Special Seminar
Thursday, January 22, 2015

11:15 AM  112 KLB

Insights into dynamic biomolecules and drug compounds derived from NMR spectroscopy
Smith, PieterDr. Pieter E. S. Smith

Currently: Postdoc, Weizmann Institute of Science · Department of Chemical Physics · Israel · Tel Aviv, Lab of Lucio Frydman
Ph.D. 2010 University of Michigan · Department of Chemistry
Hosted by Dr. Huan-Xiang Zhou



It is increasingly being appreciated that dynamics play an important role in biomolecules’ function and
dysfunction. NMR spectroscopy has evolved into a powerful technique for obtaining quantitative
measurements of the conformational flexibility and structural features of dynamic biomolecules. A
variety of biomolecular NMR investigations are presented to demonstrate the versatility and strength of
this approach, notably including studies centering on human Islet Amyloid PolyPeptide (IAPP), which
is associated with type 2 adult-onset diabetes, and studies centering on a huntingtin exon-1 fragment
(Htt), which is responsible for Huntington’s disease. Because IAPP is a highly amyloidogenic peptide,
it has been suggested that the formation of amyloid fibers is responsible for its cytotoxic disruption of
insulin-producing β-cell membranes. Utilizing a variety of model IAPP peptides and peptide fragments,
we showed that the cytotoxicity of model peptides, including those not ordinarily prone to aggregation,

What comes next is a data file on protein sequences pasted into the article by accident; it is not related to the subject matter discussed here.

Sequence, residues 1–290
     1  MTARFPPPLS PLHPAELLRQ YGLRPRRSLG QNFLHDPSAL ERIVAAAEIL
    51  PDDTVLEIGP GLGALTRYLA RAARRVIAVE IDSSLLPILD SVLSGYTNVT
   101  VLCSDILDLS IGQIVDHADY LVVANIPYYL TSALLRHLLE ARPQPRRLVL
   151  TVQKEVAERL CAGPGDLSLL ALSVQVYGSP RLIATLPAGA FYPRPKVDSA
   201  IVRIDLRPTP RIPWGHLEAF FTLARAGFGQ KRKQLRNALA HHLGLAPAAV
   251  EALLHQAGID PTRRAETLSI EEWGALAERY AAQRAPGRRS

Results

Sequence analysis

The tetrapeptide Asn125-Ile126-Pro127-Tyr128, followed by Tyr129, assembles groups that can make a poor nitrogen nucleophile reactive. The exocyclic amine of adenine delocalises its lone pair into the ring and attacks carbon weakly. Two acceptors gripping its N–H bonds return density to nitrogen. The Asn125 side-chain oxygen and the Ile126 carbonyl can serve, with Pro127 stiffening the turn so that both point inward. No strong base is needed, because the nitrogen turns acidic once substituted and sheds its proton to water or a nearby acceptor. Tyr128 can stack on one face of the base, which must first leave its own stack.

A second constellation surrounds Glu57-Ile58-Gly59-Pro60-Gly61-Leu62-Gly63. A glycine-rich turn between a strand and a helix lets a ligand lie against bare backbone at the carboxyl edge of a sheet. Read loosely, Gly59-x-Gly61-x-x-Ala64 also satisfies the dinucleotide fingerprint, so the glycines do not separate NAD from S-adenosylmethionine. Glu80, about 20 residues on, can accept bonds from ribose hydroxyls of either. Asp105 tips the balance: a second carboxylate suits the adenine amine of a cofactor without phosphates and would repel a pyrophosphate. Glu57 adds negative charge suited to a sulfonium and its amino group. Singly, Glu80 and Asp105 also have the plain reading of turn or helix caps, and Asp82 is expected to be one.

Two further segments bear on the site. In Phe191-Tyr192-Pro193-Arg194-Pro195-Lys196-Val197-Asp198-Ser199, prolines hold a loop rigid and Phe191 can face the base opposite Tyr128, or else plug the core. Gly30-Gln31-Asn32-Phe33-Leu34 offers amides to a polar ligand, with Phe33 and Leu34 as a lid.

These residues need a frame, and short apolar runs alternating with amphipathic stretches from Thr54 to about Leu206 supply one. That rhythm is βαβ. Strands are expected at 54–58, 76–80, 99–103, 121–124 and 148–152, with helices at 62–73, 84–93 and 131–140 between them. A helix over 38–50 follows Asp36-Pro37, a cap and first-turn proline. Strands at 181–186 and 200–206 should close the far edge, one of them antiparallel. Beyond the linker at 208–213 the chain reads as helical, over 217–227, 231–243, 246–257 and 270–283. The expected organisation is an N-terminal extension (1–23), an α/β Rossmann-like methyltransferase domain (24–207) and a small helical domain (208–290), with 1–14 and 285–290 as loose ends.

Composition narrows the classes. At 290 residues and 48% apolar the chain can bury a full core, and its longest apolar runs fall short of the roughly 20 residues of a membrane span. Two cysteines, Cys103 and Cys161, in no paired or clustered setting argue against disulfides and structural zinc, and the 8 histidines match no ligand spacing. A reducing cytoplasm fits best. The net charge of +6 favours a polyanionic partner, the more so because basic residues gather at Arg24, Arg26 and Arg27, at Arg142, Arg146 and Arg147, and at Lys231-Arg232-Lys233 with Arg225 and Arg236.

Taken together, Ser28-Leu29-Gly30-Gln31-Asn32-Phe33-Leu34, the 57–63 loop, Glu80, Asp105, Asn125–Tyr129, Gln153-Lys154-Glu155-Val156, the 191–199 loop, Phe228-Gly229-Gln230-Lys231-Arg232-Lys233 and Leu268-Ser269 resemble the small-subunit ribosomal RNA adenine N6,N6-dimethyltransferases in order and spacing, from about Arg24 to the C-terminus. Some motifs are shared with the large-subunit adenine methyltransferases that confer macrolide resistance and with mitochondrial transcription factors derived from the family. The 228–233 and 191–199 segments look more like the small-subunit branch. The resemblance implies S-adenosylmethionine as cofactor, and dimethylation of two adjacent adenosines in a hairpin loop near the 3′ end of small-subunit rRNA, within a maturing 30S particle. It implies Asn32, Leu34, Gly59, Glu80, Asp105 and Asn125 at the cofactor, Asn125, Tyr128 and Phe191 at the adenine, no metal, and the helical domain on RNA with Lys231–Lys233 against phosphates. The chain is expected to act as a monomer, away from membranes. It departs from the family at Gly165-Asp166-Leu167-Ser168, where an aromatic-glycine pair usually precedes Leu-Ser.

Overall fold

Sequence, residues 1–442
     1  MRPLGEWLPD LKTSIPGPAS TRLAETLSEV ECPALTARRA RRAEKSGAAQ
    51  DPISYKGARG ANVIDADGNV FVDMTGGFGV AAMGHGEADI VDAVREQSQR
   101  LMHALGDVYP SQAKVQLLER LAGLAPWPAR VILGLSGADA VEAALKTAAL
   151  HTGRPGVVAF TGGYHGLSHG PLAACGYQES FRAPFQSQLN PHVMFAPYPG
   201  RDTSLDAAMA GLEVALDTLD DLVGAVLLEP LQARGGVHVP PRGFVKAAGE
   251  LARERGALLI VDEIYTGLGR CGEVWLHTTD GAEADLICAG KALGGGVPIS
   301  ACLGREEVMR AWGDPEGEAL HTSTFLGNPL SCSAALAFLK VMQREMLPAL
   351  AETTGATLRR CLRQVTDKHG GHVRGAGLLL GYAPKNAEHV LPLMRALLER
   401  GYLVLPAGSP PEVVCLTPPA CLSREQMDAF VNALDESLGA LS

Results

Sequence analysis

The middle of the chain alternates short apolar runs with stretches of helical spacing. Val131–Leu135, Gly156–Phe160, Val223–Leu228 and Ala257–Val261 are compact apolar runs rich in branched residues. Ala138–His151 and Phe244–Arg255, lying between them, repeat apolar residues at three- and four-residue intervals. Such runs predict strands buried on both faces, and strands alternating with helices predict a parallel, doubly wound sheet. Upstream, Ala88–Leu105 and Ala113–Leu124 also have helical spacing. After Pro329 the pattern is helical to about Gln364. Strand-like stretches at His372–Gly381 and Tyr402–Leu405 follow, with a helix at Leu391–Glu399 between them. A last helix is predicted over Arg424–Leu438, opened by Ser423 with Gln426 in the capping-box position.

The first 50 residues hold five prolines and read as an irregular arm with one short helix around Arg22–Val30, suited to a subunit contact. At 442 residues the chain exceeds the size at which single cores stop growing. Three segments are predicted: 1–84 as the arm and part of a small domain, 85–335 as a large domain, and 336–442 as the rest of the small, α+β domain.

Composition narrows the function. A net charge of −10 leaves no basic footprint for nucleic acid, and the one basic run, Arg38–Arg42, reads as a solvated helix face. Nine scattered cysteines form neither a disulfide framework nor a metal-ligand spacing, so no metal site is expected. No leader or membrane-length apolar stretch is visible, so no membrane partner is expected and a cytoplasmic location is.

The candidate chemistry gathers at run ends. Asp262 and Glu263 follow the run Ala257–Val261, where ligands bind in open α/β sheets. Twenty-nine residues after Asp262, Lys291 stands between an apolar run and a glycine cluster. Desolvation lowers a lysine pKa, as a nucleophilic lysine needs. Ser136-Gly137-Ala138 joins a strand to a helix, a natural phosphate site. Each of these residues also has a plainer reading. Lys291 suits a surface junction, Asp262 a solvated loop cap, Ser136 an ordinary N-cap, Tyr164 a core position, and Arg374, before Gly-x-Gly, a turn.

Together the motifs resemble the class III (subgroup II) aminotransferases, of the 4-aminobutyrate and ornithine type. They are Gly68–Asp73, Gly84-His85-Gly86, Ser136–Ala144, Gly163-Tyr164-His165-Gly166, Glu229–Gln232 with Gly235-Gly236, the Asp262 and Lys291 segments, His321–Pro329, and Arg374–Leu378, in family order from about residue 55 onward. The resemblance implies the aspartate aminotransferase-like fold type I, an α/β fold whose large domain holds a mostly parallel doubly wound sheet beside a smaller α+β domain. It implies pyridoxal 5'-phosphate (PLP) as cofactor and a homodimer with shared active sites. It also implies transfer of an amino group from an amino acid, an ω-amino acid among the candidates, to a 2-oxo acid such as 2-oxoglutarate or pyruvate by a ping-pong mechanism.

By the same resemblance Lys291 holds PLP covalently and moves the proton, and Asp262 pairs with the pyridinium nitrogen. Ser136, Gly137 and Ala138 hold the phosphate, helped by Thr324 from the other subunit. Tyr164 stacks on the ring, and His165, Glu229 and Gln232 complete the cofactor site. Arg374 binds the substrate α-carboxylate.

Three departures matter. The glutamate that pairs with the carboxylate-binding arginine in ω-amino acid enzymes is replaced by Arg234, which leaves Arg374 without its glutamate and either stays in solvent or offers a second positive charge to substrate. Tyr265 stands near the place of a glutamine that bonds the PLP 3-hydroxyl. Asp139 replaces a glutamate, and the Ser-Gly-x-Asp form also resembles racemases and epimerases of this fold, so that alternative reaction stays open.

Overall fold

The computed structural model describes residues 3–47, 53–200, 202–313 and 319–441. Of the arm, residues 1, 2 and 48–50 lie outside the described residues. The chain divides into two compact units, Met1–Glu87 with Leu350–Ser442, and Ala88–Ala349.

correlates to their ability to induce negative curvature in lipid bilayers [1]. More recent investigations in
the Frydman lab have focused on the huntingtin amyloid protein responsible for Huntington’s disease.
Its exon-1 fragment, which consists of the first 17 N-terminal residues and an adjacent polymorphic
glutamine tract, is the primary culprit in the development of the disease. We have characterized the
dynamics and structure of this fragment and efforts are underway to construct a map of regions of the
fragment associating with various mouse brain-derived cytosolic extracts, which are prepared by
differential centrifugal sedimentation. Additionally, a variety of NMR methods developed and applied
in the Frydman and Ramamoorthy labs to study transiently formed biomolecular structures, protein
dynamics, and pharmaceutical compounds are presented. These include the Dark-state Exchange
Saturation Transfer (DEST) [2], Selective Dynamical Recoupling (SDR) [3], Time-Optimized FouriEr
Encoding (TOFEE) [4], and Ultrafast Inversion Recovery (UFIR) [5] methods.
1. Smith, PES, Brender, JR, and Ramamoorthy, A. J. Am. Chem. Soc. 131 (2009) 4470-4478.
2. Fawzi, NL et al. Nat. Protoc. 7 (2012) 1523-1533.
3. Smith, PES et al. Proc. Natl. Acad. Sci. U. S. A. 109 (2012) 5958-5961.
4. Zhang, Z, Smith PES, and Frydman, L. J. Chem. Phys. 141 (2014) 194201.
5. Smith, PES et al. ChemPhysChem. 14 (2013) 3138-3145.